Expeditionary art and the search for home

Expeditionary art and the search for home

“Home was the centre of the world because it was the place where a vertical line crossed with a horizontal one. The vertical line was a path leading upwards to the sky and downwards to the underworld. The horizontal line represented the traffic of the world, all the possible roads leading across the earth to other places.”
-      John Berger, ‘And our faces, my heart, brief as photos’

After launching the Ark Re-imagined as an art project in 2015, Rashad Salim took a leap of faith: returning to Iraq after living in other countries for over 30 years.

In 2016 he spent more than half the year there, on a series of a field trips. His mission was to track down the last remnants of ancient cultural practices that could have built the Ark. It was also, fundamentally, to reconnect with home.

He carried with him drawings of the Ark Re-imagined, developed with young architects Khalid Ramzi and Rand al-Shakarchi, and a folder of print-outs of black-and-white archival photographs of ancient boat forms that were still widespread until the mid-20th century: Guffa coracles, Kelek rafts, Meshouf canoes, Shasha reed boats, Isbiya barges.

The knowledge he sought wasn’t limited to boats, but everything an Ark dweller would need: reed architecture, ropes, adobe ovens, water vessels made from gourds or ceramics, palm fans, woollen blankets.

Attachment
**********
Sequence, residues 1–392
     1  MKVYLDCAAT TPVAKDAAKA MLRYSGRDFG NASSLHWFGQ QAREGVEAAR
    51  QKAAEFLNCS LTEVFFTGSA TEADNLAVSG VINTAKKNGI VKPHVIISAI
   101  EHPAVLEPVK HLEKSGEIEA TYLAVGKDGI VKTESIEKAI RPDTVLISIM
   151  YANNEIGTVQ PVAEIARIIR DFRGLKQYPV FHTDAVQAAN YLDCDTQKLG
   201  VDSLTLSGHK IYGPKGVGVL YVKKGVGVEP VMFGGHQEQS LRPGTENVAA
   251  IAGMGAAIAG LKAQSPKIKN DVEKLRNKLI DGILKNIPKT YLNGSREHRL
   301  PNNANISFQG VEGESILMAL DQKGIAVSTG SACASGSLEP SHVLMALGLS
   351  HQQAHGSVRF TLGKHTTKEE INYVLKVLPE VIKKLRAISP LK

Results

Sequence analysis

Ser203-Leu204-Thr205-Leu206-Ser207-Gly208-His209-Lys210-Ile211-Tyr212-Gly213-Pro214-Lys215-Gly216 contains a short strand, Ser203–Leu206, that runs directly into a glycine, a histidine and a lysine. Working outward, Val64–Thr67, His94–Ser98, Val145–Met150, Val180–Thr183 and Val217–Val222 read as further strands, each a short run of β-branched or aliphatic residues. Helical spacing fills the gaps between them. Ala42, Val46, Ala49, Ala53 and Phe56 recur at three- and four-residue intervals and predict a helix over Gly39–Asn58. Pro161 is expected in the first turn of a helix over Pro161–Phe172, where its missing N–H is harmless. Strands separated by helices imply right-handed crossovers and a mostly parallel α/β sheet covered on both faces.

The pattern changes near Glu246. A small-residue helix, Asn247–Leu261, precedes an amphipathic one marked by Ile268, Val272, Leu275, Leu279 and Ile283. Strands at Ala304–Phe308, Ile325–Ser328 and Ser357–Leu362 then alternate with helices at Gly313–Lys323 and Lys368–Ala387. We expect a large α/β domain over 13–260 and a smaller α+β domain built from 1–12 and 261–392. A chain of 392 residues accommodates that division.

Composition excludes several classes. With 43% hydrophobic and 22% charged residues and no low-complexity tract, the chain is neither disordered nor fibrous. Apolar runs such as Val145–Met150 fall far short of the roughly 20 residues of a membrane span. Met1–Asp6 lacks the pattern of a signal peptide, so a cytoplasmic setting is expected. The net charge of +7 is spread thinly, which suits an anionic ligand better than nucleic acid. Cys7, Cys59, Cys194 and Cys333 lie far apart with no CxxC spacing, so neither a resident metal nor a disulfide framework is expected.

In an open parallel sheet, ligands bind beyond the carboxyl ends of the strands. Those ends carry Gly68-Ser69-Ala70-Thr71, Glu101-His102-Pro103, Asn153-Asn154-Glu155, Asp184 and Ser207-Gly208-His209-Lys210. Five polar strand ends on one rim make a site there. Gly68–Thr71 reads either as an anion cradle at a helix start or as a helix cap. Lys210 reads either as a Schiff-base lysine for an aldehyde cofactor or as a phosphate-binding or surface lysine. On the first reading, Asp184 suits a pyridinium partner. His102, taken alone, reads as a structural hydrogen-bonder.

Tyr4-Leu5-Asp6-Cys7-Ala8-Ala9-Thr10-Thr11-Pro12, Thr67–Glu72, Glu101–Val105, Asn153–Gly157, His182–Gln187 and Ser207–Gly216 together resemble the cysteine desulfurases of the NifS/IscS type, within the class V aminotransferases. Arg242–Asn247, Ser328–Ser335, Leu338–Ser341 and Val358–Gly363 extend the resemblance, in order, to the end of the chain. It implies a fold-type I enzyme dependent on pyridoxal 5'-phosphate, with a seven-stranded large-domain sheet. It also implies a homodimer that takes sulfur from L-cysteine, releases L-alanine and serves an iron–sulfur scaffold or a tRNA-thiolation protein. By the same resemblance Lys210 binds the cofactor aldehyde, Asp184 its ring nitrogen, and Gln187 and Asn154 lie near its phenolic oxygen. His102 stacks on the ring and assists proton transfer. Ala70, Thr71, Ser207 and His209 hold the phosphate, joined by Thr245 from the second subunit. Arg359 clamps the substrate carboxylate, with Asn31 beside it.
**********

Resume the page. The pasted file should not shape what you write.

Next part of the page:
In the course of the year, he visited and photographed palm furniture makers and rug collectors, master builders constructing Mudhifs (reed houses), weavers, palm orchard keepers.

He commissioned 7 km of palm fibre rope to be made at the oasis of Ain al-Tamur; held rug design workshops with the women embroiderers of Samawa; bought a full edition of the anthropological journal al-Turath al-Shabi from a bookseller on Mutanabbi Street in Baghdad; and built the first model of the Ark Re-imagined with a community of Marsh Arabs who had been displaced from their marshland home to Babylon.

Perhaps his proudest achievement of this period was reviving the craft of Guffa coracle-making in Babylon, having tracked down an old woman who was the last Guffa-maker in the area, but hadn’t made one since the 2003 invasion and had recently suffered a stroke. Commissioning a series of Guffas to be made (with her guidance) by her former assistants, Rashad documented each stage: a spiral coil basket made with bundles of grass wrapped in palm leaves; bracing the inside with pomegranate wands; tarring inside and out.

Being an autodidact and self-commissioned (initial funding for these trips came from sales of artworks) gave him the freedom to explore and to imagine. The biggest shock from this scoping period was how fast the crafts were disappearing. The urgent need to keep ancient traditions alive gave birth to our organisation, Safina Projects, and the next stage of the project.

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